Tuesday, September 6, 2005

Ethics scholars: recusal on moral grounds inappropriate

As noted yesterday, twelve legal ethics scholars have written a letter to the Tennessee Supreme Court expressing their concerns about the practice of some judges to recuse themselves from all cases of juveniles seeking a judicial bypass of the parental consent requirement for abortions.

One the one hand, judicial recusal is ethically appropriate and perhaps required when a judge is convinced that his or her moral views render the judge unable to decide facts and law impartially in a particular case. Such instances occur rarely. However, the blanket use of recusal to avoid a particular category of unpopular cases is inappropriate, especially when coupled with a public statement or signaling of the reason for recusal by a judge acting individually or in apparent collective action with other judges. Such action is inconsistent with the judicial duty to decide cases assigned to the judge, undermines confidence in the judiciary’s commitment to uphold state law, stamps other judges unfairly with the charge that they approve of all laws that they implement, and puts pressure on other judges to follow suit in order to win reelection to the bench or to gain elevation to a higher court.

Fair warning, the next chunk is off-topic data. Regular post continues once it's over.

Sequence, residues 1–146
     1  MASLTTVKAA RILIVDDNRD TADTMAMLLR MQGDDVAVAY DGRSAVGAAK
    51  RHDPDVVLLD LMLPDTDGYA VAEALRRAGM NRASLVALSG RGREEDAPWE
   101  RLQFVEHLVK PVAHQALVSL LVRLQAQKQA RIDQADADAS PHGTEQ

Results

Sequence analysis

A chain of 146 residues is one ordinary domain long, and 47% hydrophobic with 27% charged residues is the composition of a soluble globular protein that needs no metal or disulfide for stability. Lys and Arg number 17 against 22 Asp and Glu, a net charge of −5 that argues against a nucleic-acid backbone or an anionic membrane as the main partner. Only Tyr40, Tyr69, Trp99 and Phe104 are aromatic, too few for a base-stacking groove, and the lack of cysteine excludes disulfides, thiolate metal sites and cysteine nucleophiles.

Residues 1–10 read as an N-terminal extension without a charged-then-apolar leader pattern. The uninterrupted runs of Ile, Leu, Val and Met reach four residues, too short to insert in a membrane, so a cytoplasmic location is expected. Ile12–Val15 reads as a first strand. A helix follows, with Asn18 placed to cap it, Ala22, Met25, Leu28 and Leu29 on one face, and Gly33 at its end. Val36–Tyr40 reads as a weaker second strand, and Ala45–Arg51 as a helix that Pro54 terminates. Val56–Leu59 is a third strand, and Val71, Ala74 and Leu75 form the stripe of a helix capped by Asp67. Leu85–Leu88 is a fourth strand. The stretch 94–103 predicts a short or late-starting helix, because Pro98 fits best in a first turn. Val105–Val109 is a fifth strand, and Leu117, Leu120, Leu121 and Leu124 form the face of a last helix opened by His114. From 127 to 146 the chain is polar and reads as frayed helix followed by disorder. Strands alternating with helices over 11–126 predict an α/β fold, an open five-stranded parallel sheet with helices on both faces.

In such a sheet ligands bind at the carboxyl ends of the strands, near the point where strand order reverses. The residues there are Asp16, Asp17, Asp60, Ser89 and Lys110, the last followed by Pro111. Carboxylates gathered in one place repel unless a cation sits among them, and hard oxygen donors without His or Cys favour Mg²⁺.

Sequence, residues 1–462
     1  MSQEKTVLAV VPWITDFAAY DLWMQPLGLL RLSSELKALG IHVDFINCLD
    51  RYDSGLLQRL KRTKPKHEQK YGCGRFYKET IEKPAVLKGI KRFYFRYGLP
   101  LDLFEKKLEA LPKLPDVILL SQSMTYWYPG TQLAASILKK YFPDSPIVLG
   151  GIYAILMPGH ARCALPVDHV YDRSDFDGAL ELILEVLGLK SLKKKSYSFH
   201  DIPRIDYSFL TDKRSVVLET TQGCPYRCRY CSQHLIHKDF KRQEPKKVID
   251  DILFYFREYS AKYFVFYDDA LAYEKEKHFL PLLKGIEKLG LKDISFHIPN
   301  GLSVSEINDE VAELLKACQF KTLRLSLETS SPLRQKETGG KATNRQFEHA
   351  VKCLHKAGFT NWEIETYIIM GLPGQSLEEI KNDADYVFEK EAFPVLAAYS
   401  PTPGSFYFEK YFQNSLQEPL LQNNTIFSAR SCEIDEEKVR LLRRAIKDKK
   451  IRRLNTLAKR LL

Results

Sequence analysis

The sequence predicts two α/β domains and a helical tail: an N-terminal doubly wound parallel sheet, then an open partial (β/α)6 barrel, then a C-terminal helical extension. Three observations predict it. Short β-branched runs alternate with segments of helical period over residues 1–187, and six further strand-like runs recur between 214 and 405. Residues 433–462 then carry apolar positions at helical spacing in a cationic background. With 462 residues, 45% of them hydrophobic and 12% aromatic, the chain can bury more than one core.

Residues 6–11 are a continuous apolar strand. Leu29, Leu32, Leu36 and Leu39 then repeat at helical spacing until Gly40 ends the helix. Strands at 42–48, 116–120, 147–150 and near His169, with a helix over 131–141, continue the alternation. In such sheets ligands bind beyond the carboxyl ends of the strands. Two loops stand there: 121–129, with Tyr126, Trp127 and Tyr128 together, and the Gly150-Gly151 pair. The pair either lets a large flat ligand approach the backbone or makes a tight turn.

Thanks to Prof. Susan P. Koniak, one of the twelve scholars, for providing me with a copy of the letter.

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